had difficulty turning her neck and suffered back pains, lesions in her
mouth, an unspecified problem with her nose, an irregular heartbeat, and
low blood sugar. (R. 44-48).
Plaintiff attended high school, but did not receive a diploma. (R.42).
She had worked as a receptionist and clerk in a doctor's office for 12
years before she stopped working in 1986. Asked why she stopped working,
plaintiff replied, "I worked for a doctor, and I just left, and then he
retired." (R. 42).*fn1 She is married and lives with her husband, who
does most of the housework and errands, according to both her testimony
and that of her husband at the first hearing. (R. 43-44, 49-50).
Plaintiff testified that she had become afraid to travel, could not take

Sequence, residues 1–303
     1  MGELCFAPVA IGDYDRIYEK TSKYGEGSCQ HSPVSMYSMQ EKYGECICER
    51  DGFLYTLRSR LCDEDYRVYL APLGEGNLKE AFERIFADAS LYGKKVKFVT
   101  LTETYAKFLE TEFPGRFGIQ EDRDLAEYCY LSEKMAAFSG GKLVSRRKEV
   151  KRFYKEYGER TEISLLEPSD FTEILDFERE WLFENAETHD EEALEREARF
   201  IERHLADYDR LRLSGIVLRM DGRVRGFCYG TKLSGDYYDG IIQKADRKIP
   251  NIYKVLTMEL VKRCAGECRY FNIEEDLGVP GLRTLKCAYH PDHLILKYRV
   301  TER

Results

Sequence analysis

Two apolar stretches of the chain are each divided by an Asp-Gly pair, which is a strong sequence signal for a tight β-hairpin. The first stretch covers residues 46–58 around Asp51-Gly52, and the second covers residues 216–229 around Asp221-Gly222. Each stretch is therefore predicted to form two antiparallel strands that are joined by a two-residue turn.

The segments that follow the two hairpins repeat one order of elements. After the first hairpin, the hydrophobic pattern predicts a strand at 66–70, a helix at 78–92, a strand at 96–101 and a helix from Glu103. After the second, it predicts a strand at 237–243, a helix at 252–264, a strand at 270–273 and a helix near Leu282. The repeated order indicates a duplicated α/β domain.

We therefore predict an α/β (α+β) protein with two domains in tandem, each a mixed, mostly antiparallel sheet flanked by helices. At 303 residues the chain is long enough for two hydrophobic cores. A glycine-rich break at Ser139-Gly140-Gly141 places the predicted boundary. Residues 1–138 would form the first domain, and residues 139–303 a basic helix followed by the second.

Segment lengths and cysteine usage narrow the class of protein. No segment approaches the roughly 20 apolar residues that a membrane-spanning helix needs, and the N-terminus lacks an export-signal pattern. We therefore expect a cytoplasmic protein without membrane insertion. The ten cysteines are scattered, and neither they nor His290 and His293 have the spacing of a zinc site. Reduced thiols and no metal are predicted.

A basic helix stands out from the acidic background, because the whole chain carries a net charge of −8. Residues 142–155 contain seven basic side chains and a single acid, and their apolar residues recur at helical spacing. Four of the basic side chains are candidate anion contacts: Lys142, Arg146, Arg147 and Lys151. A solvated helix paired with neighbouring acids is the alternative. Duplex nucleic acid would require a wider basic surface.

the pressure of being told what to do, and was obsessed that everything
had to be done exactly in a certain way. (R. 48). Plaintiff's husband,
Vincent Moscatiello, in addition to testifying, also submitted an
affidavit after the first hearing, which stated that plaintiff's mental
condition had deteriorated over the years from when they were married in
1970. She became irritable, could not remember or concentrate, was afraid
to travel alone, could not take care of personal or household chores, and
was depressed and obsessive. Mr. Moscatiello opined that plaintiff's OCD
began in the late 1970's but it was first diagnosed as such by Dr. Hahn,
plaintiff's treating psychiatrist (R. 409). Medical records establish that
Dr. Hahn first saw plaintiff on November 23, 1993 (R. 149). Plaintiff's
counsel argued at the first hearing, and in his written submission to the
Appeals Council, that plaintiff was disabled from gainful employment by
the combination of mental and physical ailments that plaintiff described
and that were reflected in medical records, and other conditions